Representative Byron Donalds Talks to NBC’s Meet the Press Panel on Critical Race Theory: “This is not true at all”

Rep. Byron Donalds, R-Fla., Appeared on NBC’s “Meet the Press” to discuss the topic of Critical Race Theory in Schools.

Critical Race Theory (CRT) has become a serious political topic in 2021 as parents continue to appear at school board meetings to criticize its teaching to their children. Across the country, several states have since taken steps to remove CRT or subjects adjacent to CRT from classrooms.


Host Chuck Todd opened the segment appearing to criticize the laws, suggesting they would prevent Oklahoma teachers from teaching “why” the Tulsa Massacre happened.

New Yorker writer Jelani Cobb agreed with this sentiment.

“It is only through the diligent work of historians that we even know that the public even has access to this information, much less that there was an epidemic of tides of this kind of racial violence in the period following the First World War in the 1920s. It was not a rare occurrence. We don’t know it and we don’t teach it and we don’t talk about it. And so what the practical effect of these laws is that the people will not be able to understand and not be able to appreciate exactly how these problems arose and will therefore be ill-equipped to deal with them or prevent them from happening again in the future, ”Cobb explained.

Donalds objected to this assumption, saying that while it was right that history should be taught, the issue of concern is the introduction of a racial lens to children.

“The main thing we all agree on is that history should be taught. Objective history should be taught at all times,” Donalds said.

“The problem with Critical Race Theory is that it is a subjective view of American history and American law using race as the focal point. And when you bring subjectivity into the classroom is what annoys parents. This is what unfortunately leads to children being divided into certain class segments based on race. This has happened in some schools in our country, not all of them, but when something like that happens, it’s when parents step in and oppose it, ”Donalds explained.

Cobb replied, “I happen to be a historian, and historians don’t really believe there is objective history. What we do is recognize that we have a perspective that we are all subjective. What we are trying to do is despite these subjectivities, we must follow what the evidence suggests most rigorously. “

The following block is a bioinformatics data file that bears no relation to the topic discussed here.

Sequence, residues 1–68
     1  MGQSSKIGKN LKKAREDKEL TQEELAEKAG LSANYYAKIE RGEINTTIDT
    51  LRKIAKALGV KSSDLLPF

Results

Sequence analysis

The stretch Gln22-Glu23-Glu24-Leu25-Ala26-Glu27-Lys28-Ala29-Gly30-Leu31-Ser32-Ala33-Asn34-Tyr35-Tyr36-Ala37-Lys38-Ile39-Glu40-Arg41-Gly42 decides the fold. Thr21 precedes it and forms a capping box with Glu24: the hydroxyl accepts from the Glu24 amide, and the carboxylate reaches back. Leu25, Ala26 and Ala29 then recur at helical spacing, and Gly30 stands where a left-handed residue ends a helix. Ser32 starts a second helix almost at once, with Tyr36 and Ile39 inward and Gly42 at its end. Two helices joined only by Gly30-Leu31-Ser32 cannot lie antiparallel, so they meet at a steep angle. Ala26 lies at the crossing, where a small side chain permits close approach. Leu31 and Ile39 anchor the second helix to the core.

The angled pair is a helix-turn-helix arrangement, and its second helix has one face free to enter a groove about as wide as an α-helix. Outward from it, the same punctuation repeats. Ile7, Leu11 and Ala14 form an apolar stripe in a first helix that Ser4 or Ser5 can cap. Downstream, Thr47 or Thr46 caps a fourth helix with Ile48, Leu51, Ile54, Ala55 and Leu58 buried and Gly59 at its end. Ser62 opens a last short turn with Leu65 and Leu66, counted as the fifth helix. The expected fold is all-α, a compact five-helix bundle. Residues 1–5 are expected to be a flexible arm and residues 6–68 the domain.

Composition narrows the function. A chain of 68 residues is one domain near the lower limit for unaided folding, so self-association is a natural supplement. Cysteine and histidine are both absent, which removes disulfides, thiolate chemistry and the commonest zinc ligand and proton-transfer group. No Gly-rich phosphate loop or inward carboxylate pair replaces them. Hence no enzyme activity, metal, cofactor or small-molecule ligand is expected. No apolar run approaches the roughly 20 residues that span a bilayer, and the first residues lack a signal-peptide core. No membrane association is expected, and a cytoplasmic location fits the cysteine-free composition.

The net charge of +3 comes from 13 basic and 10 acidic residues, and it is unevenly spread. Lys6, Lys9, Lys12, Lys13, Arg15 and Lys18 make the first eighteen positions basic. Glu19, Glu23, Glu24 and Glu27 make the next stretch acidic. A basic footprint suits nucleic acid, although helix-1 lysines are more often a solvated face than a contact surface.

“There is no teaching of critical race theory in our schools,” he added.

An equal mix of supporters and opponents of teaching Critical Race Theory is present as Placentia Yorba Linda <a class=School Board in Orange County, Calif., Discusses a proposed resolution to ban its teaching in schools.”/>

An equal mix of supporters and opponents of teaching Critical Race Theory is present as Placentia Yorba Linda School Board in Orange County, Calif., Discusses a proposed resolution to ban its teaching in schools.
(Robert Gauthier / Los Angeles Times via Getty Images)

“That’s not true at all,” Donalds retorted. “The first thing that happened with CRT ending up in classrooms was not an actual course. It is through the seminar on diversity, equity and inclusion that teachers follow. It is through what is happening in the classroom material, in the textbook material, in the library material. And all of these things actually bring a subjective view not of our history, but this topic is presented to children today, how they see themselves, how they see themselves. This is something that we have to be very, very careful about. That’s what parents are very, very careful of. “

Brenda Sheridan, who is a member of the Loudoun County School Board in Virginia, also said, “We don’t teach critical race theory,” but added that they “teach students about their biases.”

“It’s not in our curriculum, because it would be inappropriate. This is college level theory, and it would be inappropriate if a fifth grader did that and learned that in school,” Sheridan said. “And this has been manipulated to replace what are really equity initiatives and teach students their biases and teachers their biases. And this is what leads to the disproportion of discipline and to students being treated differently simply on the basis of from their skin color or maybe from poverty. “


Loudoun County has come under intense scrutiny over the past year after several scandals erupted at schools in Virginia.

“What we really teach students is compassion and empathy for the experiences of other students. It can’t be objective. We experience it subjectively,” Sheridan said.

“My point is that parents come to school boards all over the country, whether it’s a red state or a blue state or a red district or a blue district,” Donalds concluded. “They are rightfully concerned that their children are not only learning history, but that they are learning the biases that they may or may not have based on their skin color. today they should look against each other and see each other as equals in understanding our history. I think that’s what everyone wants. ”

Florida was also one of several states that introduced legislation to make it illegal to teach CRT in classrooms.


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